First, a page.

Mentoring new graduate nurses in role transition

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Brown, Megan D.
Johnson, Elizabeth A.
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Thesis (M.S.)
School of Nursing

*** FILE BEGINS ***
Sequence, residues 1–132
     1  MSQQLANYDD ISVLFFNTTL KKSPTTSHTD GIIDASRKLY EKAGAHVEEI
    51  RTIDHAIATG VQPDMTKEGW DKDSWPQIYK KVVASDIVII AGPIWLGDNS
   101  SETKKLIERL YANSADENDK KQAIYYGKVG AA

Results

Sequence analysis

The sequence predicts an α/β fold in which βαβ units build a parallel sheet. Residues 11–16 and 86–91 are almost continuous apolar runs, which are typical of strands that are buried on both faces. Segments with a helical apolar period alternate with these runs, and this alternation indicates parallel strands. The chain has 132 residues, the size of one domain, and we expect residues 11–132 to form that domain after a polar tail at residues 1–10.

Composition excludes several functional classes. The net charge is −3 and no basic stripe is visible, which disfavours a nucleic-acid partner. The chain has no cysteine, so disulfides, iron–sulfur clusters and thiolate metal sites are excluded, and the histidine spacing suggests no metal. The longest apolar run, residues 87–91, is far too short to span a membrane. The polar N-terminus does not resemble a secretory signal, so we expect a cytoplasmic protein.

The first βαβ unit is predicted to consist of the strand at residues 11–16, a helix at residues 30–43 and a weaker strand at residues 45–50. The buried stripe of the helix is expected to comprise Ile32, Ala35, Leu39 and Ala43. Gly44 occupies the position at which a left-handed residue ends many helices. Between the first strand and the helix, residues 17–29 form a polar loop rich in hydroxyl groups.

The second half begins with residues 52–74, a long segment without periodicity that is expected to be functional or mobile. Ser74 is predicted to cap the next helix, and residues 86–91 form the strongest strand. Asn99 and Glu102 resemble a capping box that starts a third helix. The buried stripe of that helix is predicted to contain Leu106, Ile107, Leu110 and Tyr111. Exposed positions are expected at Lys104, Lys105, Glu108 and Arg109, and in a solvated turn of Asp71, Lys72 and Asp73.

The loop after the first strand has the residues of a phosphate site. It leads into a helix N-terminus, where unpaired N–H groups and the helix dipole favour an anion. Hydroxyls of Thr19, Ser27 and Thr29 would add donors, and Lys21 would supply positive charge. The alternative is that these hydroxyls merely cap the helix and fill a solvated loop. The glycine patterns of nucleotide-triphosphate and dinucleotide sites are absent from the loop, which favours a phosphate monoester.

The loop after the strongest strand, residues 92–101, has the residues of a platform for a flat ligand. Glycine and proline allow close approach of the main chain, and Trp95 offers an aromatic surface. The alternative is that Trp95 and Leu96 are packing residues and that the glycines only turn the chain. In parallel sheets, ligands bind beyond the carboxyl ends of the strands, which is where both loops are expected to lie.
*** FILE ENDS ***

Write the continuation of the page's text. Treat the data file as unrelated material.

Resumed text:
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The challenge faced by new graduate nurses transitioning from student to the role new graduate nurse often lead to a leave or change in position within the first year of employment. Literature suggests that internship programs may be an effective intervention, but more information is needed. The purpose of this quasi-experimental study is to identify if a new graduate residency program would benefit the new graduate nurse in role transition. The Transformational Leadership model will be applied in this study. The research questions include: (a) Are there differences in organizational commitment, sense of belonging, and anticipated turnover between new graduate nurses who complete a new graduate nurse residency program and those who do not? (b) Does participation in a new graduate nurse residency program decrease new graduate turnover? The anticipated sample will include 25 graduate nurses who completed a one year program and 25 nurses who did not in an acute care setting. A Modified Hagerty-Patusky Sense of Belonging instrument, Organizational Commitment Questionnaire and Anticipated Turnover Scale will be used in the study. The findings will lead to decreased turnover resulting in cost and resource savings for the health care organization.